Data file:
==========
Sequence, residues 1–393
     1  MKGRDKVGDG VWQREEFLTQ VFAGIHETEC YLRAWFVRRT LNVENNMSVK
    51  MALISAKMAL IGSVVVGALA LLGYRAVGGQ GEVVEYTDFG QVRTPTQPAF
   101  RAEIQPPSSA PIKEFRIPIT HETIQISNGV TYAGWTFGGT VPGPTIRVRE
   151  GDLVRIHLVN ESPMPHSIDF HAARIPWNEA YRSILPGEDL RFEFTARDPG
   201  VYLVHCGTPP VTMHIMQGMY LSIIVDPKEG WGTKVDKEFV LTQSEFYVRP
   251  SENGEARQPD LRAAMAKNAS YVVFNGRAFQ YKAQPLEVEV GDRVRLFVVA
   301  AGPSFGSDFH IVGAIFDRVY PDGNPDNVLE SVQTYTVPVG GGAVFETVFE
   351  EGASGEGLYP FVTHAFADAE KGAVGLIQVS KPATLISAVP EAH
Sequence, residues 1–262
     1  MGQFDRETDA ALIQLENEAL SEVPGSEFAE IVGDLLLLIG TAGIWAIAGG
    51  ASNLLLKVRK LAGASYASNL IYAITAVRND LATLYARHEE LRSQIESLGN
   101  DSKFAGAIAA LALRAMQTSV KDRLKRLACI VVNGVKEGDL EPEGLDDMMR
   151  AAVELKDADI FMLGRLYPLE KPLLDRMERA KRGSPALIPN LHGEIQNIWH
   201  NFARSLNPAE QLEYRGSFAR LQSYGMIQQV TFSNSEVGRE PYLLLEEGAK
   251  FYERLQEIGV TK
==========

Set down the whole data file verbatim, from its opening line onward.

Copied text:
Sequence, residues 1–393
     1  MKGRDKVGDG VWQREEFLTQ VFAGIHETEC YLRAWFVRRT LNVENNMSVK
    51  MALISAKMAL IGSVVVGALA LLGYRAVGGQ GEVVEYTDFG QVRTPTQPAF
   101  RAEIQPPSSA PIKEFRIPIT HETIQISNGV TYAGWTFGGT VPGPTIRVRE
   151  GDLVRIHLVN ESPMPHSIDF HAARIPWNEA YRSILPGEDL RFEFTARDPG
   201  VYLVHCGTPP VTMHIMQGMY LSIIVDPKEG WGTKVDKEFV LTQSEFYVRP
   251  SENGEARQPD LRAAMAKNAS YVVFNGRAFQ YKAQPLEVEV GDRVRLFVVA
   301  AGPSFGSDFH IVGAIFDRVY PDGNPDNVLE SVQTYTVPVG GGAVFETVFE
   351  EGASGEGLYP FVTHAFADAE KGAVGLIQVS KPATLISAVP EAH
Sequence, residues 1–262
     1  MGQFDRETDA ALIQLENEAL SEVPGSEFAE IVGDLLLLIG TAGIWAIAGG
    51  ASNLLLKVRK LAGASYASNL IYAITAVRND LATLYARHEE LRSQIESLGN
   101  DSKFAGAIAA LALRAMQTSV KDRLKRLACI VVNGVKEGDL EPEGLDDMMR
   151  AAVELKDADI FMLGRLYPLE KPLLDRMERA KRGSPALIPN LHGEIQNIWH
   201  NFARSLNPAE QLEYRGSFAR LQSYGMIQQV TFSNSEVGRE PYLLLEEGAK
   251  FYERLQEIGV TK